In the 2001 movie “Ghost World,” 18-year-old Enid picks up the arm on her turntable, drops the needle in the groove, and plays a song yet another time. She can’t get over the emotional power of bluesman Skip James’ 1931 recording of “Devil Got My Woman.”
If you know anything about 78 records, it only makes sense that a nerdy 40-something 78 collector named Seymour would have introduced her to this tune.
As played by Steve Buscemi, Seymour is an awkward, introverted sadsack based on the film’s director, Terry Zwigoff, who—along with his comic-artist pal, Robert Crumb—is an avid collector of 78s, a medium whose most haunting and rarest tracks are the blues songs recorded in the 1920s and ’30s.
“These guys were collecting the music that resonated with them, and then it became the document of that time, the music that endured.”
Nearly a decade later, music critic and reporter Amanda Petrusich had the same intoxicating experience Enid (Thora Birch) did, listening to very same song, although she got to hear “Devil Got My Woman” played on its original 78, courtesy of a real-life collector, who owns this prohibitively expensive shellac record pressed by Paramount.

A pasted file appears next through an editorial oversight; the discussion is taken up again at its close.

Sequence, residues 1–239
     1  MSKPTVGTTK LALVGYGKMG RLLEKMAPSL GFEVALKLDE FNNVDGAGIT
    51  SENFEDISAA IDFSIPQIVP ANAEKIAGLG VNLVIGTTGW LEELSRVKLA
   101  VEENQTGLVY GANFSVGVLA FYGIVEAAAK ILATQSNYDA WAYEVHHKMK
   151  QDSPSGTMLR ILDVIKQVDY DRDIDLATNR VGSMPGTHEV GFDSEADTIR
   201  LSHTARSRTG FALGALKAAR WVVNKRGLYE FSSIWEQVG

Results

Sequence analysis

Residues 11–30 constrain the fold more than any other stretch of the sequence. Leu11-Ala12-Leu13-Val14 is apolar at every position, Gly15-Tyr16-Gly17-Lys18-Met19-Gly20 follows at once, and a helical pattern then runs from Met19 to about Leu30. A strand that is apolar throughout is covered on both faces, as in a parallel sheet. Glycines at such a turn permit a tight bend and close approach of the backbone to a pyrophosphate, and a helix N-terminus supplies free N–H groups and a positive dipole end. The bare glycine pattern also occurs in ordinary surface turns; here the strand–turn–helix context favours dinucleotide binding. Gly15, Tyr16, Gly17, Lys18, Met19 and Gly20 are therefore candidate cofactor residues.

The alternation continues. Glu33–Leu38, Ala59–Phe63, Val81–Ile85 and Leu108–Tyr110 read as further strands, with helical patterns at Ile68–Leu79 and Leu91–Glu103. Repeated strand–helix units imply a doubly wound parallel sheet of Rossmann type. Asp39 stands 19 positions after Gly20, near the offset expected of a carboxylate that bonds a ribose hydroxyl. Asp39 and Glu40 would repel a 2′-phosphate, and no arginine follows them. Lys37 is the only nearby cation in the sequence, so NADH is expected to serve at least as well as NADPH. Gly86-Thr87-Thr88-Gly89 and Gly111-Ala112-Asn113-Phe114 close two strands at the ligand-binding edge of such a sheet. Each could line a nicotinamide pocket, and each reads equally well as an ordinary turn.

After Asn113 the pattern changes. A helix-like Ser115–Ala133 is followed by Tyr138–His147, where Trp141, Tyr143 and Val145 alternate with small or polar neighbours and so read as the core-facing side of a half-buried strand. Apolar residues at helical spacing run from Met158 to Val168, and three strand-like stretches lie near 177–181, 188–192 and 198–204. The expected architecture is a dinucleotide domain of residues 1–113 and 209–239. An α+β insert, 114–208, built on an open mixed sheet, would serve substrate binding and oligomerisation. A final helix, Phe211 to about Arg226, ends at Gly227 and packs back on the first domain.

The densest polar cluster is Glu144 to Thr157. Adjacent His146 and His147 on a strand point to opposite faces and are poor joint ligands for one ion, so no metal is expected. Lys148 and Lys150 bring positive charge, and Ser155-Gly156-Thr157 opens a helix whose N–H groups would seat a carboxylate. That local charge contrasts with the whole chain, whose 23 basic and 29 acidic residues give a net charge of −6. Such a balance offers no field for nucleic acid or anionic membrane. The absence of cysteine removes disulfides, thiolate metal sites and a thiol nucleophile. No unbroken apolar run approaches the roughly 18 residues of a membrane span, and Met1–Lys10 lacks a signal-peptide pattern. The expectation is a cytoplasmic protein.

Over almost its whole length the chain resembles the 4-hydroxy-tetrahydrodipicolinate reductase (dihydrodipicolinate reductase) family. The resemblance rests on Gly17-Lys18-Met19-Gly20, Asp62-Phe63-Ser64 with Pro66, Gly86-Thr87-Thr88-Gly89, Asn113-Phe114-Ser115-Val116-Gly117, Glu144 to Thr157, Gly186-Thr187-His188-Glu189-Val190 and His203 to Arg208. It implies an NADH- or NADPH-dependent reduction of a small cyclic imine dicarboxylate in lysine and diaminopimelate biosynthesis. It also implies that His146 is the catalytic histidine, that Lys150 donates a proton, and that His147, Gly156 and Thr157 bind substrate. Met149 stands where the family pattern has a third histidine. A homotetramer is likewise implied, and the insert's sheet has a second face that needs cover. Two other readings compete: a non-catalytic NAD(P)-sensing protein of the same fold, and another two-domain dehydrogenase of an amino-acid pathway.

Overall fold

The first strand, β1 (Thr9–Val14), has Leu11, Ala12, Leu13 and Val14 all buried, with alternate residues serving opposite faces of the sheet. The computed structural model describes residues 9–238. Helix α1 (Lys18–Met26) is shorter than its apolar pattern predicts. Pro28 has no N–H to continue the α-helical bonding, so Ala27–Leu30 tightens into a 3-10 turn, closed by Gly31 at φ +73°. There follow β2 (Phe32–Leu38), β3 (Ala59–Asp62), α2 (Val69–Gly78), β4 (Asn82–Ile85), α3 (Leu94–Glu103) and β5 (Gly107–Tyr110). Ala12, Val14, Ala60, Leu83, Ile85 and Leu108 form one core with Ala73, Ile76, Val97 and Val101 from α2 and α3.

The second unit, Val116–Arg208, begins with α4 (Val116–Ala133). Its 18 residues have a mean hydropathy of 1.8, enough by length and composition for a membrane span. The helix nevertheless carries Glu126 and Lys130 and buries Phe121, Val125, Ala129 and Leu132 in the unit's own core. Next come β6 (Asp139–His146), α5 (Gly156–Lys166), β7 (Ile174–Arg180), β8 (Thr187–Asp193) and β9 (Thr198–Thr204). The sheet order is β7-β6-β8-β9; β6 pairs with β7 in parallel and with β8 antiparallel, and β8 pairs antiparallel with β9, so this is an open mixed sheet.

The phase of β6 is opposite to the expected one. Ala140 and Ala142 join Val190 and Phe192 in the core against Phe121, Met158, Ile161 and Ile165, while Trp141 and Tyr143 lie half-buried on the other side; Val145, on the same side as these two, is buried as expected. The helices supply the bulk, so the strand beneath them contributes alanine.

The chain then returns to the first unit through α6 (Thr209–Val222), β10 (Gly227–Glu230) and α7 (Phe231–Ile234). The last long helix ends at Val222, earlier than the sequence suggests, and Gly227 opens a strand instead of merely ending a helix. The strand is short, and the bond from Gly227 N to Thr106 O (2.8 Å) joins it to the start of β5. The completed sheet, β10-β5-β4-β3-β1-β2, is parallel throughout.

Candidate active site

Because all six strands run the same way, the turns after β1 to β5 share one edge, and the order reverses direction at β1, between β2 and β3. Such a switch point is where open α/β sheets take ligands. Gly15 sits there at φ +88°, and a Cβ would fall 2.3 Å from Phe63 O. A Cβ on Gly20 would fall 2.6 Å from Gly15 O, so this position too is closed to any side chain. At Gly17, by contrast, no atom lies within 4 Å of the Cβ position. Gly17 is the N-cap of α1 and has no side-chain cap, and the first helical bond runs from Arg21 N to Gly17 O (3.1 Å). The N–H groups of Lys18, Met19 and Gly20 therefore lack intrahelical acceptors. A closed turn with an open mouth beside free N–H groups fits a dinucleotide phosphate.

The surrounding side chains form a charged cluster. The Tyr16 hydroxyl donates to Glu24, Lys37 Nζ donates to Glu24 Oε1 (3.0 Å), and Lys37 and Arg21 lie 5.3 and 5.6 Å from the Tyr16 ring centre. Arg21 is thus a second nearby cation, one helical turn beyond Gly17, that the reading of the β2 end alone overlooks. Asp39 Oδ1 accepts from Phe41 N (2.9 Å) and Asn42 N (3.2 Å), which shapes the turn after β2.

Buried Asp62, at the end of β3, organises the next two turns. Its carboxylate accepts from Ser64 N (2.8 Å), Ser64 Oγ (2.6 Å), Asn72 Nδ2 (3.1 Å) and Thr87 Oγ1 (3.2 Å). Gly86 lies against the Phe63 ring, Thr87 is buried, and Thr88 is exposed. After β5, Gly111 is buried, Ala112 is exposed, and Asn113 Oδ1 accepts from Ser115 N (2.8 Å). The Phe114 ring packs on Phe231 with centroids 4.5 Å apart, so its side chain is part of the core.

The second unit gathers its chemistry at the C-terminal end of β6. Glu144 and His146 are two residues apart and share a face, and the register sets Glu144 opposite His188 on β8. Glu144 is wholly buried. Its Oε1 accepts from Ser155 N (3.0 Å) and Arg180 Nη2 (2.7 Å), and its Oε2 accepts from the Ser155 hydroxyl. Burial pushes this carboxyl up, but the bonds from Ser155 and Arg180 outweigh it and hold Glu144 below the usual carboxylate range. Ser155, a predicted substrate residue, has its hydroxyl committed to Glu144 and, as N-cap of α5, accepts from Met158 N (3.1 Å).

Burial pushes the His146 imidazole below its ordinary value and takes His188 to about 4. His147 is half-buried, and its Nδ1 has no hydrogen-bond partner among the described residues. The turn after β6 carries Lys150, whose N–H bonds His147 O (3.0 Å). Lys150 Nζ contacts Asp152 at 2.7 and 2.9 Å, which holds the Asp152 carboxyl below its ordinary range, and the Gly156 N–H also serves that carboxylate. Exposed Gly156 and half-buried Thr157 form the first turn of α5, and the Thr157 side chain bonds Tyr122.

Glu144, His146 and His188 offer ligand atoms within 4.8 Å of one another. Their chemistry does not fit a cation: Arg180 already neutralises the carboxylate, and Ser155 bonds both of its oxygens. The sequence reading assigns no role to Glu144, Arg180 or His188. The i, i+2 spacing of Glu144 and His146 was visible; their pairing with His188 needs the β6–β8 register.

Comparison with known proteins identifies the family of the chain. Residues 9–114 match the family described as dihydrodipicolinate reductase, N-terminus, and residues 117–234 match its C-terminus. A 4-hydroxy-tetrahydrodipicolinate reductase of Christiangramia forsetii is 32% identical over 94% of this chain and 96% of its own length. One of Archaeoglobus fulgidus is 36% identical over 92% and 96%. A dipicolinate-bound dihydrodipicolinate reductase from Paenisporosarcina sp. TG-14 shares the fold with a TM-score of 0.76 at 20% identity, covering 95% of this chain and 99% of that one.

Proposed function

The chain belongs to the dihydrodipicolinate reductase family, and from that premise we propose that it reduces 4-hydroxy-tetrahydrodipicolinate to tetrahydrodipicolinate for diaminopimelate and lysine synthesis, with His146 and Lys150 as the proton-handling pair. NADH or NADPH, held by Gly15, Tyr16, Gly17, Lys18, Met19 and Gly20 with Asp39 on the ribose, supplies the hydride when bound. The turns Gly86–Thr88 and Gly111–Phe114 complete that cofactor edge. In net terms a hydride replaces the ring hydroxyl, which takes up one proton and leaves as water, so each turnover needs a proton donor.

Only three or four copies are known to exist.
The gramophone, a type of phonograph that played 10-inch shellac discs at 78 rpm, was developed in the late 19th century. But it wasn’t until the 1910s and ’20s that the technology became more affordable and less cumbersome so that an average family could have one at home.
The records, which could only play 2 to 3 minutes of sound per side, had their heyday in the ’20s and ’30s. They lost their cachet in the ’40s, when radio became the most popular format for music lovers.
Then in the 1950s and 1960s, 78 records were phased out in favour of long-playing vinyl records.